April 1, 2013
Contact: Kristin Dunay (781)-449-4010 x102
[email protected]


WHAT: Recent brain and educational research has found that certain character skills, such as persistence, resilience and optimistic mindsets, are more important than IQ for student success and achievement.  At this month’s Learning & the Brain® Symposium at Alfred Lerner Hall in New York, NY, a cross-spectrum of more than 900 educators will be attending to explore, with a national group of neuroscientists, psychologists and educators, how growth mindsets, goals and resilience improve the achievement of students, while anxiety and stereotyping can hinder their academic and test performance.Heidi Grant Halvorson, PhD, who is Associate Director of the Motivation Science Center at Columbia University will be one of the morning keynotes and will speak on the topic of “How the Science of Mindsets and Motivation Provides the Key to Unlocking Our Children’s Fullest Potential.”  Dr. Halvorson is a rising star in the field of motivational science, a blogger for Psychology Today and a frequent lecturer on “Motivational Mindsets.” She is the author of Success: How We Can Reach Our Goals (2011) and co-author of Nine Things Successful People Do Differently (2012) and Focus: Use Different Ways of Seeing the World to Power Success and Influence (Forthcoming, 2013)
WHO: The program is co-sponsored by several organizations including the Motivation Science Center, Columbia University and the Program in Neuroscience and Education, Teachers College, Columbia University, the Dana Alliance for Brain Initiatives, and both the national associations of elementary and secondary school principals, and is produced by Public Information Resources, Inc.In addition to Dr. Halvorson, some of the featured speakers will be:▪    Paul Tough, Contributing Writer to the New York Times Magazine; Founding Editor of Open Letters, an online magazine; Contributor to This American Life and The New Yorker, who has focused on upon education, poverty, parenting, and politics; Author, How Children Succeed: Grit, Curiosity, and the Hidden Power of Character (2012) and Whatever It Takes: Geoffrey Canada’s Quest to Change Harlem and America (2008).▪    Sian Beilock, PhD, Principal Investigator, Human Performance Lab; Professor, Department of Psychology, The University of Chicago; Researcher in the cognitive neural substrates of learning as well as the mechanisms by which performance breaks down in high-stress or high-pressure situations; Recipient, 2012 Outstanding Young Investigator Award from the Psychonomic Society; Author, CHOKE: What the Secrets of the Brain Reveal About Getting It Right When You Have To (2010)▪    Robert Brooks, PhD, Faculty, Harvard Medical School; Former Director of the Department of Psychology at McLean Hospital; Author, The Self-Esteem Teacher (1991); Co-Author, Raising Resilient Children with Autism (2011), Raising a Self-Disciplined Child: Help Your Child Become More Responsible, Confident, and Resilient (2009), The Power of Resilience: Achieving Balance, Confidence, and Personal Strength in Your Life (2004) and Handbook of Resilience in Children (2006)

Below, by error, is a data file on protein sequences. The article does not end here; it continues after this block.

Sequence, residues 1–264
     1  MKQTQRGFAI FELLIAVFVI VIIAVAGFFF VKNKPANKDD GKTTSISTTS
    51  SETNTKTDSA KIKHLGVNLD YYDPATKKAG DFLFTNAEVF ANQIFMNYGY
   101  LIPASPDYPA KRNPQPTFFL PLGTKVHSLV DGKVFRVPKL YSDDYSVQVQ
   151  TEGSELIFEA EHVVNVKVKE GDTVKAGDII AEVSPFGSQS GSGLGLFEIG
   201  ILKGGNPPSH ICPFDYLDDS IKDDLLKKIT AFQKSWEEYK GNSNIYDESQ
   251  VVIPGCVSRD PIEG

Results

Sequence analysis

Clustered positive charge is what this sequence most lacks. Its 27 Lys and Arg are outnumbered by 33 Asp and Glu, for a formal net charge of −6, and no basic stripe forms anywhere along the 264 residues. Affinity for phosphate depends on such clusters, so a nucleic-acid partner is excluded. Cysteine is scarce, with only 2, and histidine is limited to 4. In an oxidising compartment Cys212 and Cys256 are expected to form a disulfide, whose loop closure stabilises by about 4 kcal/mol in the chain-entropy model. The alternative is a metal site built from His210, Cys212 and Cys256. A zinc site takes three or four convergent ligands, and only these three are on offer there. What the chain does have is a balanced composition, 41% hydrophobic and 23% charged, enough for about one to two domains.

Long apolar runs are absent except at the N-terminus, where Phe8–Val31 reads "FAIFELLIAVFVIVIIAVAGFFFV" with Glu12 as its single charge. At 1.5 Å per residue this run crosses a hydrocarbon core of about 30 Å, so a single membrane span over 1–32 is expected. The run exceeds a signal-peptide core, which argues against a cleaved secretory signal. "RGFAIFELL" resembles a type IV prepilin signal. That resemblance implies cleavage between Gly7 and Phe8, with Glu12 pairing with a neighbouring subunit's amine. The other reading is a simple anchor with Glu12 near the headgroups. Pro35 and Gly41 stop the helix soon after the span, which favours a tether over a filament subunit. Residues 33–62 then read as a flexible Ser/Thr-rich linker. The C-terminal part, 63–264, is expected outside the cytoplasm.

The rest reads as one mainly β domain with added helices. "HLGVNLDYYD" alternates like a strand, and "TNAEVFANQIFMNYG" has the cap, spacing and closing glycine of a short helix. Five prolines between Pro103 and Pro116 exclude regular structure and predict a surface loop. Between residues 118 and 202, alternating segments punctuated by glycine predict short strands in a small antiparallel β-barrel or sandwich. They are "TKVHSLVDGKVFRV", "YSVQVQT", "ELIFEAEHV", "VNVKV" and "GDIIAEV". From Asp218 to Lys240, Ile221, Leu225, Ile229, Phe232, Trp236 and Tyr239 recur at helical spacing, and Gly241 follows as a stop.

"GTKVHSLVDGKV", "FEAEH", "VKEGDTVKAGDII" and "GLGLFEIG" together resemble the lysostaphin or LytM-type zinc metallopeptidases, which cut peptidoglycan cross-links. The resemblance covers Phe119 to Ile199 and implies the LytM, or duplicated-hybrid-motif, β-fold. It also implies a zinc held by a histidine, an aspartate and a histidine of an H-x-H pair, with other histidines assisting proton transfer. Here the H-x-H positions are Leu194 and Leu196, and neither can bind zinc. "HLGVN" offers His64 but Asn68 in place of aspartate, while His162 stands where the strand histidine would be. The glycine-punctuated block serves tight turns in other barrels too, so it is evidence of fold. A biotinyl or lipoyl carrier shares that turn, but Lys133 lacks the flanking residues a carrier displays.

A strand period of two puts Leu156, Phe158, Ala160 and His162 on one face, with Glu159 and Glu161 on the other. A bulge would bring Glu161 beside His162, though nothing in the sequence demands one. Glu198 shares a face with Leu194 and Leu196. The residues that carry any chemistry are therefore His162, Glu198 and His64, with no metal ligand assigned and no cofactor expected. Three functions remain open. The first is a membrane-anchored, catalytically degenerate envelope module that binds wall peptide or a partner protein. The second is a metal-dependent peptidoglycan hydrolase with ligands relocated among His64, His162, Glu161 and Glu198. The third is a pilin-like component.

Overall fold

WHEN: Wednesday, April 10. Symposium begins 8:45 AM. General Registration is $295.  Contact Kristin Dunay at 781-449-4010 x 102 for media passes.
WHERE: Alfred Lerner Hall, (W. 115 Street and Broadway), New York, NY
Learning & the Brain® is a series of educational conferences that brings the latest research in neuroscience and psychology and their potential applications to education to the wider educational community. Since its inception in 1999, this series has been attended by more than 40,000 people in Boston, San Francisco, Washington, D.C., New York and Chicago.

For more information about the conference, visit

category: News

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